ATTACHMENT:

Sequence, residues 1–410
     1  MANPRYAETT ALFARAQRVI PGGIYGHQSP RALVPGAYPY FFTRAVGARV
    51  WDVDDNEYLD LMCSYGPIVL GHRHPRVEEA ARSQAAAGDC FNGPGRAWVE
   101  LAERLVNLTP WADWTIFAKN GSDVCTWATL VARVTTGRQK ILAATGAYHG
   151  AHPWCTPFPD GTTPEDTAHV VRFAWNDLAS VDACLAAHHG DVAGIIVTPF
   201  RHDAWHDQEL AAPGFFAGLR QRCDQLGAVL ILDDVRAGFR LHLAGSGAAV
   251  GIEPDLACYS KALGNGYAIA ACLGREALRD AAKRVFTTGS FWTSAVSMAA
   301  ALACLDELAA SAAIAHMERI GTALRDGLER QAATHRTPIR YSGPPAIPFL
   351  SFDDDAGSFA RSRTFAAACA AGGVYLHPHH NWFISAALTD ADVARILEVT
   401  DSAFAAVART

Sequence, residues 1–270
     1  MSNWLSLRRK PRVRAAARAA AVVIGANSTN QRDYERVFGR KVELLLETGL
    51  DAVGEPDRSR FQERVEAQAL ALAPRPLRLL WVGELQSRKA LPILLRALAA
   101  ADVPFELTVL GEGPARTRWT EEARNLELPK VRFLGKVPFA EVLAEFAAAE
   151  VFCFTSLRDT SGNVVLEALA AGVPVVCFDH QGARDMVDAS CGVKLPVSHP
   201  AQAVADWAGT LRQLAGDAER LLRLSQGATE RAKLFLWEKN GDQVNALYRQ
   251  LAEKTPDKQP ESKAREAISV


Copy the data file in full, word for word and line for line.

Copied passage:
Sequence, residues 1–410
     1  MANPRYAETT ALFARAQRVI PGGIYGHQSP RALVPGAYPY FFTRAVGARV
    51  WDVDDNEYLD LMCSYGPIVL GHRHPRVEEA ARSQAAAGDC FNGPGRAWVE
   101  LAERLVNLTP WADWTIFAKN GSDVCTWATL VARVTTGRQK ILAATGAYHG
   151  AHPWCTPFPD GTTPEDTAHV VRFAWNDLAS VDACLAAHHG DVAGIIVTPF
   201  RHDAWHDQEL AAPGFFAGLR QRCDQLGAVL ILDDVRAGFR LHLAGSGAAV
   251  GIEPDLACYS KALGNGYAIA ACLGREALRD AAKRVFTTGS FWTSAVSMAA
   301  ALACLDELAA SAAIAHMERI GTALRDGLER QAATHRTPIR YSGPPAIPFL
   351  SFDDDAGSFA RSRTFAAACA AGGVYLHPHH NWFISAALTD ADVARILEVT
   401  DSAFAAVART

Sequence, residues 1–270
     1  MSNWLSLRRK PRVRAAARAA AVVIGANSTN QRDYERVFGR KVELLLETGL
    51  DAVGEPDRSR FQERVEAQAL ALAPRPLRLL WVGELQSRKA LPILLRALAA
   101  ADVPFELTVL GEGPARTRWT EEARNLELPK VRFLGKVPFA EVLAEFAAAE
   151  VFCFTSLRDT SGNVVLEALA AGVPVVCFDH QGARDMVDAS CGVKLPVSHP
   201  AQAVADWAGT LRQLAGDAER LLRLSQGATE RAKLFLWEKN GDQVNALYRQ
   251  LAEKTPDKQP ESKAREAISV